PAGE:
“Other gods were also associated with the bull. For example, the Sun God was depicted in the visual repertoire as standing on the back of the bull, much like the Storm God. In texts, it appears that it is the power of the bull with which the Sun God is associated. The same is true for Pabilsa, it is his martial aspects that are emphasized, linking him to the strength and power of the bull. On the other hand, both Enki and An appear to be associated with the fertility of the bull. This is particularly obvious of Enki in Enki and the World Order, where this god ejaculates into the Tigris River.ref

“None of these gods, though are depicted in the form of the bull, unless Jacobsen?s (1976, p. 104)understanding of the Debate between Summer and Winter in which Enlil, as a bull, copulates with Ninhursag. It is more likely though, that Enlil is represented as being like a bull, and in manifesting the fertility of the bull, in this passage. In the Epic of Gilgame where “ama” is represented in the form of a bull, it is in a dream relayed by Gilgame to Enkidu, and Enkidu needs to interpret the bull to represent the Sun God. The Sun God is not routinely depicted as a bull. Therefore gods were represented like the bull, and as being associated with herds, but not in the form of the bull.ref

“The association between the bull and Mesopotamian gods is compelling, but the manner in which individual gods are associated with fertility or strength of the bull are not consistent. For example, the Cattle Gods could logically have been thought to be linked with the fertility of the bull, but instead, Ningublaga is associated with the brute strength of the bull. The Storm Gods, through devastating storms, were associated with the forceful power of the bull, but not with the fertilizing rains which accompany the storm. However, all the gods are associated with either fertility or with power and authority through the bull.ref

Damien Marie AtHope’s Art

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Animism: Respecting the Living World by Graham Harvey

“How have human cultures engaged with and thought about animals, plants, rocks, clouds, and other elements in their natural surroundings? Do animals and other natural objects have a spirit or soul? What is their relationship to humans? In this new study, Graham Harvey explores current and past animistic beliefs and practices of Native Americans, Maori, Aboriginal Australians, and eco-pagans. He considers the varieties of animism found in these cultures as well as their shared desire to live respectfully within larger natural communities. Drawing on his extensive casework, Harvey also considers the linguistic, performative, ecological, and activist implications of these different animisms.” ref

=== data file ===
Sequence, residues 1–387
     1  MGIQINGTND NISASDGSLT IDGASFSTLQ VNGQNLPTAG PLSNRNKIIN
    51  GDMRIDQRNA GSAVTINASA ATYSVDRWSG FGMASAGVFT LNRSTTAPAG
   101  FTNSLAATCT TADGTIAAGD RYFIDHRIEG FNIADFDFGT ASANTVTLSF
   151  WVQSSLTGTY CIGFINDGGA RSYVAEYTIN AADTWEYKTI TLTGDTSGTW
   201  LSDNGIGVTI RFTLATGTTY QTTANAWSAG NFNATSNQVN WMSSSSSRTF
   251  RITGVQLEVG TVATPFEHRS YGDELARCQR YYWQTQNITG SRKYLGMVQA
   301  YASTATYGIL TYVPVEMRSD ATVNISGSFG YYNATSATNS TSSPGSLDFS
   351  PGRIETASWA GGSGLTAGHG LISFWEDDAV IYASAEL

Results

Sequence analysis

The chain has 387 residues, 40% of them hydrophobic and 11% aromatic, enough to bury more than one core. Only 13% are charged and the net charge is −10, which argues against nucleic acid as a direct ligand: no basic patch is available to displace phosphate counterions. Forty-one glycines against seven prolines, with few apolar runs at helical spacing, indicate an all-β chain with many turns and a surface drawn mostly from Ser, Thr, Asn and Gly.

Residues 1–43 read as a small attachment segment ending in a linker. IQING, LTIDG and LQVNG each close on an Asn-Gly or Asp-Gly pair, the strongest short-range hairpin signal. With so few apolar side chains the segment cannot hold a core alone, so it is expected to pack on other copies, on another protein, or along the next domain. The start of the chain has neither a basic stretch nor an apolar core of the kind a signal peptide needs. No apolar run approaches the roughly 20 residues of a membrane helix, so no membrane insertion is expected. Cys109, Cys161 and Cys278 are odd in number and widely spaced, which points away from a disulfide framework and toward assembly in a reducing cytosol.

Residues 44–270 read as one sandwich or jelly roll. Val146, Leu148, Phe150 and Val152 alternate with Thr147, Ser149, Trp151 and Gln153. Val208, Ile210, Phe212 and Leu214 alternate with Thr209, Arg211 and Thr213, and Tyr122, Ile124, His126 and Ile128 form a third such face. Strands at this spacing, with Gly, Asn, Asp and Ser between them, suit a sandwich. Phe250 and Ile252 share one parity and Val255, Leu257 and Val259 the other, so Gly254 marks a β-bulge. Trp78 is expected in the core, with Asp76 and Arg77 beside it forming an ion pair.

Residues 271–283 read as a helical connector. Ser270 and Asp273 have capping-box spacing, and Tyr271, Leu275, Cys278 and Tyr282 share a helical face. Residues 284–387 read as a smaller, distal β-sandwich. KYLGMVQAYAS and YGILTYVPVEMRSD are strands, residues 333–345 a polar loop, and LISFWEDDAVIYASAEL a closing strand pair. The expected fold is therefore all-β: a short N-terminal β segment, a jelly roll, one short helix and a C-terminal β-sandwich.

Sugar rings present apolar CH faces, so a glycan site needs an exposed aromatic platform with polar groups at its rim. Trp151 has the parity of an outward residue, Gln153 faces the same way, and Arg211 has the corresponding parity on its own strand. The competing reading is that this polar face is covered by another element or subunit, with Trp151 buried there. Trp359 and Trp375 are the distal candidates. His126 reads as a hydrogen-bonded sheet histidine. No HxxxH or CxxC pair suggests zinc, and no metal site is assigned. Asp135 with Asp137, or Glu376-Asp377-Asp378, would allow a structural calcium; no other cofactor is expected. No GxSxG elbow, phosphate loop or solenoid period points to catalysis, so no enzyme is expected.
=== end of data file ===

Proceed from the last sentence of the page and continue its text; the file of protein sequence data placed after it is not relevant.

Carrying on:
My thoughts on Religion Evolution with external links for more info:

“Religion is an Evolved Product” and Yes, Religion is Like Fear Given Wings…

Atheists talk about gods and religions for the same reason doctors talk about cancer, they are looking for a cure, or a firefighter talks about fires because they burn people and they care to stop them. We atheists too often feel a need to help the victims of mental slavery, held in the bondage that is the false beliefs of gods and the conspiracy theories of reality found in religions.

“Understanding Religion Evolution: Animism, Totemism, Shamanism, Paganism & Progressed organized religion”

Understanding Religion Evolution:

“An Archaeological/Anthropological Understanding of Religion Evolution”

It seems ancient peoples had to survived amazing threats in a “dangerous universe (by superstition perceived as good and evil),” and human “immorality or imperfection of the soul” which was thought to affect the still living, leading to ancestor worship. This ancestor worship presumably led to the belief in supernatural beings, and then some of these were turned into the belief in gods. This feeble myth called gods were just a human conceived “made from nothing into something over and over, changing, again and again, taking on more as they evolve, all the while they are thought to be special,” but it is just supernatural animistic spirit-belief perceived as sacred.


Quick Evolution of Religion?

Pre-Animism (at least 300,000 years ago) pre-religion is a beginning that evolves into later Animism. So, Religion as we think of it, to me, all starts in a general way with Animism (Africa: 100,000 years ago) (theoretical belief in supernatural powers/spirits), then this is physically expressed in or with Totemism (Europe: 50,000 years ago) (theoretical belief in mythical relationship with powers/spirits through a totem item), which then enlists a full-time specific person to do this worship and believed interacting Shamanism (Siberia/Russia: 30,000 years ago) (theoretical belief in access and influence with spirits through ritual), and then there is the further employment of myths and gods added to all the above giving you Paganism (Turkey: 12,000 years ago) (often a lot more nature-based than most current top world religions, thus hinting to their close link to more ancient religious thinking it stems from). My hypothesis is expressed with an explanation of the building of a theatrical house (modern religions development). Progressed organized religion (Egypt: 5,000 years ago)  with CURRENT “World” RELIGIONS (after 4,000 years ago).